Many women who are about to become mothers are not sufficiently informed by gynecologists and obstetricians. Yet they should be prepared for what happens, to know about any changes that occur in pregnancy and what to do when they have to take care of a newborn in need of everything. They need to know what will happen during childbirth and often inquire on the internet or by reading books or asking those who have already been there. Usually the questions are about natural birth, but no one stops to ask about the ᴄᴀᴇsᴀʀᴇᴀɴ sᴇᴄᴛɪᴏɴ. There are many things to know about ᴄᴀᴇsᴀʀᴇᴀɴ, which no one tells women about before giving birth.
Expectant mothers ask for information on labor, the breaking of the waters, the delay, the contractions. But they do not think that they should also inquire about a possible birth that requires the use of a scalpel and the operating room. We are talking about a real surgery about which those who undergo it must be informed in order to have a clearer perception of everything that will happen before, during and after the ᴄᴀᴇsᴀʀᴇᴀɴ.
Don’t be afraid: if doctors have preferred this path, it is better to rely on their professional opinion. But asking the gynecologist before giving birth what happens in that case, perhaps it is permissible. There are some questions that we will give you answers to today. You will finally know 11 things about ᴄᴀᴇsᴀʀᴇᴀɴ delivery that no one usually says to expectant mothers.
- Who will be in the operating room with you?
There are many healthcare professionals in the operating room ready to help you. The midwife, the anesthetist, the gynecologist, the surgeon, many nurses, everyone is there to assist you and the baby who is about to be born. The baby’s father or another family member can also be by your side to support you at a not-so-easy time.
- You can listen to music in the delivery room to relax
You may be nervous and anxious while someone in the delivery room is thinking of you and wondering what music you would like to hear. Express your preferences sincerely so that you can calm down and relax. Remember the song that will pass the moment your child is born.
- You may not be with your partner or family for a while
They may be present in the operating room, but there are times when they will have to leave the room. Mainly as they prepare you for the surgery and then when they need to put the stitches on you. It’s all normal, don’t worry, you’ll see them again in a few minutes.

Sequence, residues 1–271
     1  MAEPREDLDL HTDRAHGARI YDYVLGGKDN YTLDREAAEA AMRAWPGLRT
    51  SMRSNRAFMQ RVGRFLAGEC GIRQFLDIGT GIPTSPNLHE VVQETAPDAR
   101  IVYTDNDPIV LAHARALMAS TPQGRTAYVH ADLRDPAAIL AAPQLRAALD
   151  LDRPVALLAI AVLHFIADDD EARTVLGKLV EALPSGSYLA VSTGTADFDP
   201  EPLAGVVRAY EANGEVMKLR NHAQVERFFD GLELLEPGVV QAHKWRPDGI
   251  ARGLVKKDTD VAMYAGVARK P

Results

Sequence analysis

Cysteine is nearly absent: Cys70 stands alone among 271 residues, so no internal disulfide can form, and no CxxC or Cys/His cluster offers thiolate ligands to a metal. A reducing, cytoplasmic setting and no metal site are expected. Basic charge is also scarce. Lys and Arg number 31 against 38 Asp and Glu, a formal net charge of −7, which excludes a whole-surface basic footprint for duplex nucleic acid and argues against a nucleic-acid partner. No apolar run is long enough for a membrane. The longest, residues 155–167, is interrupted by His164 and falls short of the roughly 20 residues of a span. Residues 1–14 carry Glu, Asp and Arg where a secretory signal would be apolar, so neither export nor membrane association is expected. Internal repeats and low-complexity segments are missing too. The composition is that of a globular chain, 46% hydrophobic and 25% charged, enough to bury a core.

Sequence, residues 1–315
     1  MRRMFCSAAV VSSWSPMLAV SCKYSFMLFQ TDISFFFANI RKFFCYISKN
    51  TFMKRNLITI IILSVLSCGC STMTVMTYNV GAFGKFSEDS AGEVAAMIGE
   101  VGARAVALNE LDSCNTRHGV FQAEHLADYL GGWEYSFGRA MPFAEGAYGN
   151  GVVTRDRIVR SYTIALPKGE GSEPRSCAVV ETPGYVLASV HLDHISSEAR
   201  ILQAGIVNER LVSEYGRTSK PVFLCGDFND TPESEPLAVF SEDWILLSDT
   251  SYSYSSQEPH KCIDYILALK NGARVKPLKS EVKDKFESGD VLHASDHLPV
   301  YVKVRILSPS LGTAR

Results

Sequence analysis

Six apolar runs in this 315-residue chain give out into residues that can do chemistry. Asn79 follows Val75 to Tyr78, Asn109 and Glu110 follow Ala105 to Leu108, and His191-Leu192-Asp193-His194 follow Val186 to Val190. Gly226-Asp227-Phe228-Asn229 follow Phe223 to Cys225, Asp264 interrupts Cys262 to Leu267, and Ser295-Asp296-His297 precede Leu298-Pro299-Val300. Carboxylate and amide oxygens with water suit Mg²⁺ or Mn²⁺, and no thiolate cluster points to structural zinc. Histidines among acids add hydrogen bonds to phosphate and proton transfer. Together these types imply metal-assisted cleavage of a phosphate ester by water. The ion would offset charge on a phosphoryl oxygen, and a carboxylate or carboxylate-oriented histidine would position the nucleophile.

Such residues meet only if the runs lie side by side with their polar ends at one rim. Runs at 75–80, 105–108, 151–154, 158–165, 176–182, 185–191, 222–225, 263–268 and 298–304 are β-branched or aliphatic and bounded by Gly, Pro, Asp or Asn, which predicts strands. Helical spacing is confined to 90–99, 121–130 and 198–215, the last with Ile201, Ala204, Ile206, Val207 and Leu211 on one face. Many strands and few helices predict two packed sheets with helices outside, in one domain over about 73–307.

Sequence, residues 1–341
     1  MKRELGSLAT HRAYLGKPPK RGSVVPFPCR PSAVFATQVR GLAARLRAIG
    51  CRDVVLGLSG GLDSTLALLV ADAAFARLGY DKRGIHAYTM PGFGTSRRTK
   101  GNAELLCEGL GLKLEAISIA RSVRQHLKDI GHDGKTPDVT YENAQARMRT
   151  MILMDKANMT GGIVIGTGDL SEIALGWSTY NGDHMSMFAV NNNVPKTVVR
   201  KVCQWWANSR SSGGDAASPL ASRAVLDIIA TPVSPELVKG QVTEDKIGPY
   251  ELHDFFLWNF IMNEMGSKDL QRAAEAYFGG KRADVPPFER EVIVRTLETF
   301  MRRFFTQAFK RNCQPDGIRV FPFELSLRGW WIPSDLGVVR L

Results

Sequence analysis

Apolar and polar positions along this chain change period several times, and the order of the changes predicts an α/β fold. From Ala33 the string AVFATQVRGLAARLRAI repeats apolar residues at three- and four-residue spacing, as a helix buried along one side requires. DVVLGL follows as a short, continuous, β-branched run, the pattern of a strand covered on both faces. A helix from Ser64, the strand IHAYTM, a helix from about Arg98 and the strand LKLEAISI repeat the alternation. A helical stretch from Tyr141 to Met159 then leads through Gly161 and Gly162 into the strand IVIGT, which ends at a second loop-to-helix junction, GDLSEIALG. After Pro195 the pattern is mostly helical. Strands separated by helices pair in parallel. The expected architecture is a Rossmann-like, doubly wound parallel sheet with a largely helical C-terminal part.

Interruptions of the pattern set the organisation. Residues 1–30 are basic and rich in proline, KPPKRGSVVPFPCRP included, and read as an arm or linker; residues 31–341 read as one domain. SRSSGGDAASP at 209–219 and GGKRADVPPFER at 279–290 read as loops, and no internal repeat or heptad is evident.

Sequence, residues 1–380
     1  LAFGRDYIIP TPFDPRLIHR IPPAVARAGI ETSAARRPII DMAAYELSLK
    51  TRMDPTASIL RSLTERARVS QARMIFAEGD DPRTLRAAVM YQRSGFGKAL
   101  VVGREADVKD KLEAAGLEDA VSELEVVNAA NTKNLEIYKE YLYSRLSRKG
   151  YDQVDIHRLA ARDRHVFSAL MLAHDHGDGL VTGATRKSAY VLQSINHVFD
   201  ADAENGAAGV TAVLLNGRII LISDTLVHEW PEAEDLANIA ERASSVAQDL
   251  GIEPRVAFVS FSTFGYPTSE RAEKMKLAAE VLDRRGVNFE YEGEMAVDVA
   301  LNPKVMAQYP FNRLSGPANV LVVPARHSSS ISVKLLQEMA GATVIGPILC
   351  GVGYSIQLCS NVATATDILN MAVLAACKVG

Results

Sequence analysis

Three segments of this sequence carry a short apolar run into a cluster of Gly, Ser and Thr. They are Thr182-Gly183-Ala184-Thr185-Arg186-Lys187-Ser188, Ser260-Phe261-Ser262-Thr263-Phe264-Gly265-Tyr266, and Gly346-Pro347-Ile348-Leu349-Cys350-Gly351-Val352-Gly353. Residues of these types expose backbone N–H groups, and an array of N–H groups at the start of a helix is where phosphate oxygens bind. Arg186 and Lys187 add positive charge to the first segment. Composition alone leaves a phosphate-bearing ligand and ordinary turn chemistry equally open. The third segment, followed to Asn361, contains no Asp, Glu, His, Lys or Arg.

- You will feel pushing and pulling, but you will not feel pain
The anesthesia will protect you from pain while the doctors deliver your baby. You will hear movements, clicks, tugs, but everything is normal. When you hear something talk to your doctor who will surely reassure you about the surgical procedure.
- Vomiting during surgery
This is also normal and often happens, even if it is not very pleasant, to be honest. It is very common, in fact, even in the case of other surgeries. Talk to the anesthetist to find out what to do if necessary.
- Post-caesarean recovery
Once you have been sutured and cleaned, they will take you to the recovery room. A nurse will be at your disposal and she will take care of you, monitoring vital signs such as breathing, heart rate, blood pressure. And she will also check the dressing. She may possibly give you a pain reliever. When the anesthesia clears, you can try latching the baby to the breast for the first time. It won’t be easy to sit down.
- You will have a small bag that will help you pee
You will want to pee a lot, but you will not have to go to the bathroom, because you will have a device that will allow you to stay in bed without moving for at least 12 hours, as doctors advise.
- Ask all relevant questions to doctors and nurses
Never be afraid to dispel any doubts about the birth, the surgery, the care of the baby. Any questions that run through your head must be answered in the hospital.
- Get up as fast as possible
It will hurt a little, you will have pain everywhere, but the sooner you try to get up, the sooner you can recover. In this way you can also expel the gases that are generated during the surgery and cause discomfort in the abdomen.
- How to remove the bandage
In the hospital you will have a bandage on your abdomen that the nurses change you, but when you get home what do you have to do? It is the healthcare professionals who have to give you the directions, but it usually takes place for a week after the surgery, not exactly the best of comfort, to be honest.
- Always ask for help
Surgery can be traumatic, especially if you weren’t ready. If you experience it as an event that does not belong to you and you find it difficult to perceive it as normal, ask for psychological help.